RAKHALDAS MADAK Vs. MADHUSUDAN MADAK AND OTHERS
HIGH COURT OF CALCUTTA
MADHUSUDAN MADAK AND OTHERS
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(1.) This was a suit to recover possession of a certain property, on the allegation that, under a deed, dated the 22nd of Jaishta 1257, the plaintiff having nobody to look after his property, and being obliged to go to Calcutta in search of service, made over the property in dispute to the defendant, who is the son of the plaintiff's father's sister, upon trust. The deed recites that the defendant was to pay the rent to the superior talookdar; that he was to look after the property and to enjoy the profits thereof until the plaintiff returned, when he was to give up the property to the plaintiff, without any objection. It appears that the plaintiff was abroad for more than twelve years, and that this suit has been brought about five years after his return, after demanding restoration of his property. The first Court dismissed the plaintiff's suit. In appeal, the Judge of the appellate Court, that is the Subordinate Judge of East Burdwan, states that he concurred generally with the decision of the Court below, but it appears to me clear that in reality he disposed of this suit upon the issue of limitation alone, for he says, "that this document, that is to say the deed of the 22nd Jaishta 1257, cannot be construed to mean that the plaintiff's right to the land in dispute existed within twelve years preceding the date of suit." Again, in another passage, he says: "It is evident that the plaintiff has been out of possession for a long time, and therefore his right has ceased to exist." There has been no finding by the lower appellate Court as to whether this document is a genuine and subsisting document, and whether the lands in dispute are comprised in the document or not. I have no manner of doubt that, assuming this to be a genuine and subsisting document, the plaintiff's suit is not barred by the Statute of Limitation. The document is not a kabuliat, for there is no provision for the payment of rent by the defendant to the plaintiff. If the document be genuine, the defendant was a trustee for the plaintiff, and bound to give up the land upon the plaintiff's return. The suit of the plaintiff is brought within time from the date of the demand for the restoration of the property. The lower appellate Court was therefore wrong in dismissing the plaintiff's suit, on the ground that it was barred by the Statute of Limitation, and the case must go back for the lower appellate Court to find whether the deed is a genuine and subsisting document, and also whether the lands claimed in this suit are comprised in it.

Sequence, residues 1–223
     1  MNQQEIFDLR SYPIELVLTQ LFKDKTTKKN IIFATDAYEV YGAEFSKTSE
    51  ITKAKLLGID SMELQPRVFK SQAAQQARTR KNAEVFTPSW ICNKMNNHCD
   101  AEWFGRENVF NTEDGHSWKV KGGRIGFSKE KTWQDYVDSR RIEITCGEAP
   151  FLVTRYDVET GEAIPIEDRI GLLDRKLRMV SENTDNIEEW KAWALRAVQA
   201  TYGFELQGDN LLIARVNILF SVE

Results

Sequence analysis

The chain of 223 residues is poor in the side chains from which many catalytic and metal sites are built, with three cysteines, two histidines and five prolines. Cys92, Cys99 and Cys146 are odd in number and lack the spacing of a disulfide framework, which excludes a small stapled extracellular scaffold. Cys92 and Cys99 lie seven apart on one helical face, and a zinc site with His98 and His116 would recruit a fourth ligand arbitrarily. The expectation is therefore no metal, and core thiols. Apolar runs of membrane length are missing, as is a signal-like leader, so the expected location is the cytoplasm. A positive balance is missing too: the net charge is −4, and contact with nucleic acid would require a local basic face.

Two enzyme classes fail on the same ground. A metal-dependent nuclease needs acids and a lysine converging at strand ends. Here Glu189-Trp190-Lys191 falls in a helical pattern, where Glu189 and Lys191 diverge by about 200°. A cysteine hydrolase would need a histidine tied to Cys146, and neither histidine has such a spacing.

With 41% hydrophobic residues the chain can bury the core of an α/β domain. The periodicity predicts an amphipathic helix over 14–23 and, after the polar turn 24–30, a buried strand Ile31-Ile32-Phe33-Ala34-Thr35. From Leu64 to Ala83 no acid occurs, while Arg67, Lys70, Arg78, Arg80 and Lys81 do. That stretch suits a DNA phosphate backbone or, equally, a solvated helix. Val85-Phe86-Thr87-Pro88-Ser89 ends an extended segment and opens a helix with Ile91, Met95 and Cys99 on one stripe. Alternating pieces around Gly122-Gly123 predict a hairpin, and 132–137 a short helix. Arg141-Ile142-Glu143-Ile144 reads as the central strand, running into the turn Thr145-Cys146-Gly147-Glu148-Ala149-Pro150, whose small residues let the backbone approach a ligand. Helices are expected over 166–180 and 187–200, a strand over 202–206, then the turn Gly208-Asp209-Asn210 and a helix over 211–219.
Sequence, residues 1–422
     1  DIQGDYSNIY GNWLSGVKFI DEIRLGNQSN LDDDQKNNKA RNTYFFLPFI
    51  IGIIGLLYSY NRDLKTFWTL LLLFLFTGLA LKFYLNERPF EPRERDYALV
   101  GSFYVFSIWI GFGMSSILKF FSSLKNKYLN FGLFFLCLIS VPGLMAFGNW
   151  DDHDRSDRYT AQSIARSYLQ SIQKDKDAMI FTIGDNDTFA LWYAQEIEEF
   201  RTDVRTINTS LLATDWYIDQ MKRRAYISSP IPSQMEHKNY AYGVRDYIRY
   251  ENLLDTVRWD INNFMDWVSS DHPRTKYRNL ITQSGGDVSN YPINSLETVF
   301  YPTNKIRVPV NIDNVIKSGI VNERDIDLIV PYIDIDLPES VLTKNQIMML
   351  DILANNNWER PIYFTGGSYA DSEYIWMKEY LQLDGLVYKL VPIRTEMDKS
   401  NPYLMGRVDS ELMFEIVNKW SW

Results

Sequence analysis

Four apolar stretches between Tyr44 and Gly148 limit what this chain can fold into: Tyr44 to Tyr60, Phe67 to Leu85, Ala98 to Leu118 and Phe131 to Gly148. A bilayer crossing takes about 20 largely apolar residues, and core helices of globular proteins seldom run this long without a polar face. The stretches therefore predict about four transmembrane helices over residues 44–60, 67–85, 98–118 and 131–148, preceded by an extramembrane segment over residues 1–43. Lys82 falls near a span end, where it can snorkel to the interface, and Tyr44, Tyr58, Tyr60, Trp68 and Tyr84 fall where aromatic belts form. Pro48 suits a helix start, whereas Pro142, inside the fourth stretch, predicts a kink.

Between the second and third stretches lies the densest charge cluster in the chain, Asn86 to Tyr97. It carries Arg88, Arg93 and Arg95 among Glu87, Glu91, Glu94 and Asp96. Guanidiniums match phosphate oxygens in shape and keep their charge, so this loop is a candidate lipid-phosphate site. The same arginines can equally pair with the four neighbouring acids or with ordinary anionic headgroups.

(2.) Costs to follow the result.
I am of the same opinion. It is clear that if, as the plaintiff alleges, the defendant came into possession of the land under this document, there could be no cause of action which would be the commencement of a period of limitation at least until there had been a demand on the part of the plaintiff, and a refusal on the part of the defendant to give up the land, or else a distinct assertion of some adverse title. The lower appellate Court does not find that the plaintiff's title was barred on any such view as this, but appears to me to find on the terms of the document itself, that the suit was brought more than twelve years after the defendant had entered into possession of the property under the deed. I think this is an entirely erroneous view of the transaction, and I agree that if the document was a genuine document, and had not been put an end to more than twelve years before the commencement of this suit, that the plaintiff's claim is no way barred by limitation. The case must therefore go back to be heard and disposed of on the issues mentioned by Mr. Justice Kemp.;
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